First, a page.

4120. Shakespeare: Tragedies and Romances. (B) 1.5-4 (Max. 4). Prerequisite: 6 hours of 2000-level literature courses or consent of instructor.

4140. English Drama: Restoration and Eighteenth Century. (B) 3. A study of the development of the drama from 1660 to 1800, including comedy of manners, heroic drama, tragedy, sentimental comedy, laughing comedy, satire, ballad opera, and burlesque. Prerequisite: 6 hours of 2000-level literature courses or consent of instructor.

4150. Modern Drama. 3. Focuses on development and shape of modern theatre. Plays are treated as dramatic literature, performed art, and manifestations of a social and philosophical milieu. Prerequisite: 6 hours of 2000-level literature courses or consent of instructor.

4160. Chaucer. 3. A study of the major works. Prerequisite: 6 hours of 2000-level literature courses or consent of instructor. (Alternates with ENGL 4180).

4170. Early English Renaissance Literature: Sixteenth Century. 3. A study of prose, poetry, and drama from More through Shakespeare. Also studies developments in primary genres, styles, aesthetic values, and intellectual concerns of the period's literature. Prerequisite: 6 hours of 2000-level literature courses or consent of instructor.

4180. Middle English Literature. 3. Surveys the literature of medieval England from the early thirteenth century to the mid-fifteenth century. Focuses on language, literature, and cultural history. Prerequisite: 6 hours of 2000-level literature courses or consent of instructor. (Alternates with ENGL 4160).

4200. Later English Renaissance Literature: Seventeenth Century. 3. A study of prose, poetry, and drama from Bacon and Donne through Browne and Behn. Also studies developments in the primary genres, styles, aesthetic values, and intellectual concerns of the literature of the period. Prerequisite: 6 hours of 2000-level literature courses or consent of instructor.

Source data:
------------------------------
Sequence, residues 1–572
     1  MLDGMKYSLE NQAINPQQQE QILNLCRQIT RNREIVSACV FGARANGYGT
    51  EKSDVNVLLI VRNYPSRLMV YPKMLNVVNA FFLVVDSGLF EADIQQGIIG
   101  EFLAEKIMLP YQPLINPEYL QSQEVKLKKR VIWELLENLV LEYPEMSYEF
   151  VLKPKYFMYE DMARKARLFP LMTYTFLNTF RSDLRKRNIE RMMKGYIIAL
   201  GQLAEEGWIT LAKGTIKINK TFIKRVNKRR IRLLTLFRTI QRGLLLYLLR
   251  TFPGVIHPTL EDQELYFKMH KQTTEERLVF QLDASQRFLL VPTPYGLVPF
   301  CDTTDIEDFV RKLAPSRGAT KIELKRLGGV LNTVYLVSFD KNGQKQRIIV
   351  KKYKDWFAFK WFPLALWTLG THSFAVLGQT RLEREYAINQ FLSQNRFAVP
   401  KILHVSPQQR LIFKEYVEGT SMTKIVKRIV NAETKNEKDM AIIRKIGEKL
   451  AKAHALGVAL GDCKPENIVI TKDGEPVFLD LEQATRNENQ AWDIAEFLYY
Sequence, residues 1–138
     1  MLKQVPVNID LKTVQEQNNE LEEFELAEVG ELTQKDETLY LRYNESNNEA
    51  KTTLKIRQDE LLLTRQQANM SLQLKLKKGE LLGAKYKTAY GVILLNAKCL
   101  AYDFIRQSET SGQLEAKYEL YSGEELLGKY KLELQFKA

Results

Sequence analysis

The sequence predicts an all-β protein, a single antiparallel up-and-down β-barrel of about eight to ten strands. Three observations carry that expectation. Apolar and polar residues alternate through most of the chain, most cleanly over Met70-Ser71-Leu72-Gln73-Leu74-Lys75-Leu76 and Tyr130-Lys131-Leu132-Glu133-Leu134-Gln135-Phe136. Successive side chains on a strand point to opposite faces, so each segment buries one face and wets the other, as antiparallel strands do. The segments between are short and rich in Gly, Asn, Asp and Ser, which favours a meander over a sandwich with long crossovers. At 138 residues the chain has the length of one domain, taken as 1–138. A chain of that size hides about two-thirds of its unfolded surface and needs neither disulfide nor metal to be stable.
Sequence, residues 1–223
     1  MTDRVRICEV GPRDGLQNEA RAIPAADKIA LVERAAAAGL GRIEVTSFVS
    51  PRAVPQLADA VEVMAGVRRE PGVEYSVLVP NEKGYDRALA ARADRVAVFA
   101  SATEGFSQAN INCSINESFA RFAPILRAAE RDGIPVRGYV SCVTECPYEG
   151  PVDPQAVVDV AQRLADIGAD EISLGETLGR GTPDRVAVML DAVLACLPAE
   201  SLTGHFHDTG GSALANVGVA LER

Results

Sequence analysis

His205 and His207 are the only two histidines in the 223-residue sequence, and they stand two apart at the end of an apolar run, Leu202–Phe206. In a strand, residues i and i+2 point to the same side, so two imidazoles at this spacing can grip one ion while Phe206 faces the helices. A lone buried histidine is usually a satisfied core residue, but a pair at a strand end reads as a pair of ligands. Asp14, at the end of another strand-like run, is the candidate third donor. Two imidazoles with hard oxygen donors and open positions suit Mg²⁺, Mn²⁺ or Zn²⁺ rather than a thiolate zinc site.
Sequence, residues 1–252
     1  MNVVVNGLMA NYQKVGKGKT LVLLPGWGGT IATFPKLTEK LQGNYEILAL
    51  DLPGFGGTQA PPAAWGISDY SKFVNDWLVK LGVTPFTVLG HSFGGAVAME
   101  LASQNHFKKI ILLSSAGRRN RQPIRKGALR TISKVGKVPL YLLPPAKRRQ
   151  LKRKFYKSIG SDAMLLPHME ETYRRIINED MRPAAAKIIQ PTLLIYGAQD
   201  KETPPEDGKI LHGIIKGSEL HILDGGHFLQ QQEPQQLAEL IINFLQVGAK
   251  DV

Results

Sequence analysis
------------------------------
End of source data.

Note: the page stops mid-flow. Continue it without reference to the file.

4210. English Literature of the Eighteenth Century: Restoration to Mid-Century. 3. A survey of poetry, satire, comedy of manners, and the early novel, as well as literary, cultural, historical, and philosophical works from the age of Dryden through the age of Swift and Pope. Prerequisite: 6 hours of 2000-level literature courses or consent of instructor.

4220. English Literature of the Eighteenth Century: Mid- to Late- Century. 3. A study of poetry, the novel, development of literary criticism, historical and cultural commentary, and biography from the age of Johnson and Boswell to the beginnings of romanticism. Prerequisite: 6 hours of 2000-level literature courses or consent of instructor.

4230. Greek Tragedy. 3. Reading and discussion of major plays by Aeschylus, Sophocles, and Euripides, together with examination of the performance and social context of Greek drama, its use of traditional myths, and selected issues in contemporary scholarship on the tragedies. Cross listed with CLAS/THEA 4230. Prerequisite: WB or COM2. (Offered in spring in alternate years)

4240. English Literature of the Nineteenth Century: Romantic Period. 3. A study of prose and poetry of authors who flourished between 1789-1832, such as Blake, Wordsworth, Coleridge, Keats, Shelley, Bryon, Lamb, Hazlitt, Austen, and Scott. Prerequisite: 6 hours of 2000-level literature courses or consent of instructor.

4245. Jane Austen. 3. A study of all the surviving work, published and unpublished, of this master of the modern novel, along with selected work by other authors supplying cultural and literary contexts. Prerequisite: 6 hours of 2000-level literature courses.

4250. Poetry of the Victorian Age. 3. A study of major poetic forms practiced by Tennyson, Browning, Arnold, and their successors. Prerequisite: 6 hours of 2000-level literature courses or consent of instructor.

4260. English Prose Literature of the Victorian Age. 3. A study of political, social, economic, religious, and aesthetic ideas, as analyzed by representative authors from Carlyle and Mill to the end of the century. Prerequisite: 6 hours of 2000-level literature courses or consent of instructor.

4270. Classical Epic Poetry. 3. Reading and discussion of major works of Greek and Latin epic poetry, centered on Homer and Vergil. Also includes consideration of the background of these works (both mythological and historical) and the development of the epic tradition in the ancient world. Cross listed with CLAS 4270. Prerequisite: WB or COM2.

4280. Modern British Fiction. 3. Covers the novel in British literature from 1920 to present. Prerequisite: 6 hours of 2000-level literature courses or consent of instructor.

4310. The English Novel: Eighteenth Century to Early Nineteenth Century. 3. Spans the novel's formative (experimental) period, to its Gothic moment. Representative authors from Defoe to Scott. Prerequisite: 6 hours of 2000-level literature courses or consent of instructor.

4320. The English Novel: Nineteenth Century to Early Twentieth Century. 3. Spans the novel's Victorian (realist) manifestation, to its Modernist reconsideration. Representative authors from Dickens to Woolf. Prerequisite: 6 hours of 2000-level literature courses or consent of instructor.